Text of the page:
• pepec

    on 9th May 2012, 17:40:51 - Reply

    @R Carter, please don't make up facts. Wilders never got 20% of the votes. The highest percentage he got was 17% at the European elections in 2009. In 2010 he got 15,5% of the votes at the elections for parliament. In 2011 it was 12% at the provincial elections.
    And if you followed the news, you would know that Wilders doesn't decide anything anymore.
  • Ron Seal posted:

    on 9th May 2012, 09:46:46 - Reply

    I have lived in a few European countries and the same happens everywhere. In the South people appear to be very friendly and smily at first but when you want to go beyond the surface there's nothing there. In the North, my friends tend to be either expats or not from the city I have worked in, because obviously the locals have their good old friends and do not necessarily need to make new friends on a deep level... Everywhere, the American way of life has professionalized our way of dealing with others to the point where one can hardly spot honesty and sincerity behind their professional smile. We are the robots :-D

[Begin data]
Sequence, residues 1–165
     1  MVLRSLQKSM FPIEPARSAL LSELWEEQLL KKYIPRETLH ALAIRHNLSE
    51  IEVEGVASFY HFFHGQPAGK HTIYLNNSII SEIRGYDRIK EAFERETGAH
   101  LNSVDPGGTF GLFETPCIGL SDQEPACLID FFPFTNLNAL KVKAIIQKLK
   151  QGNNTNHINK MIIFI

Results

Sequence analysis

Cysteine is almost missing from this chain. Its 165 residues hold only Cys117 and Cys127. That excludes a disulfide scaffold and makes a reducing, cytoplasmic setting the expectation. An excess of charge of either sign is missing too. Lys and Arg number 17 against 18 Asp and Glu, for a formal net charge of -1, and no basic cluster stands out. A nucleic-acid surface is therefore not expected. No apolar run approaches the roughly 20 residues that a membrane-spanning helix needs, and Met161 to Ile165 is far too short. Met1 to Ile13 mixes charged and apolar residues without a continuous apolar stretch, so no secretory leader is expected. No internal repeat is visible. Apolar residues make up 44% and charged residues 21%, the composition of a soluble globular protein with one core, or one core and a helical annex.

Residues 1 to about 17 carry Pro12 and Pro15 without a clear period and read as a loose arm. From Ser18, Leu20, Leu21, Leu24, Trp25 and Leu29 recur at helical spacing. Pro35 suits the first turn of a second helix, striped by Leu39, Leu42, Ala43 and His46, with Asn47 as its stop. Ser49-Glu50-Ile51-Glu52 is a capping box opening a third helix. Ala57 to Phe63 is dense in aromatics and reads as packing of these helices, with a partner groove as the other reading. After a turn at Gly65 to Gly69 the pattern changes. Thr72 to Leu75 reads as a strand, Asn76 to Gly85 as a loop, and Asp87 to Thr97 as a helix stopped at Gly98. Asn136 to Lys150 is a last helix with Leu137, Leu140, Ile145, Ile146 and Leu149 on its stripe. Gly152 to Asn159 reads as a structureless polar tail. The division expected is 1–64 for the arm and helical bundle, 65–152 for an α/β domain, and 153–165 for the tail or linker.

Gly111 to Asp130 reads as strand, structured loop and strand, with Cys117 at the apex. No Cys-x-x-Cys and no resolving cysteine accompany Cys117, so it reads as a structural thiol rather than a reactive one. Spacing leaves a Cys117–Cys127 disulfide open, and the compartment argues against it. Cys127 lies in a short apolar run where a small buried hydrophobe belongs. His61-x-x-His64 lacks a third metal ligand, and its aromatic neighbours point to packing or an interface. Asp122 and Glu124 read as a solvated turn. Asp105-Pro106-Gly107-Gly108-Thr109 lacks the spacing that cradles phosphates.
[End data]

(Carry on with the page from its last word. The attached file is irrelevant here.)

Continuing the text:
• R Carter posted:

    on 7th May 2012, 13:35:35 - Reply

    This seems to be a Dutch view on how others sees the Dutch. I was quite surprised with the claim that Holland is not a country of extremes, when the far right have 20% of the vote and the racist Wilders is calling the shots in government. Scratch below the surface and you can see a lot of intolerance here
  • Lili posted:

    on 6th May 2012, 15:11:18 - Reply

    I have been living in the Netherlands more than 20 years and I speak Dutch fluently but it is still difficult to make a good -friends with the Dutch.

    All my friends are non-Dutch , so I can fully understand to the expat who just arrive or live for a couple months or longer.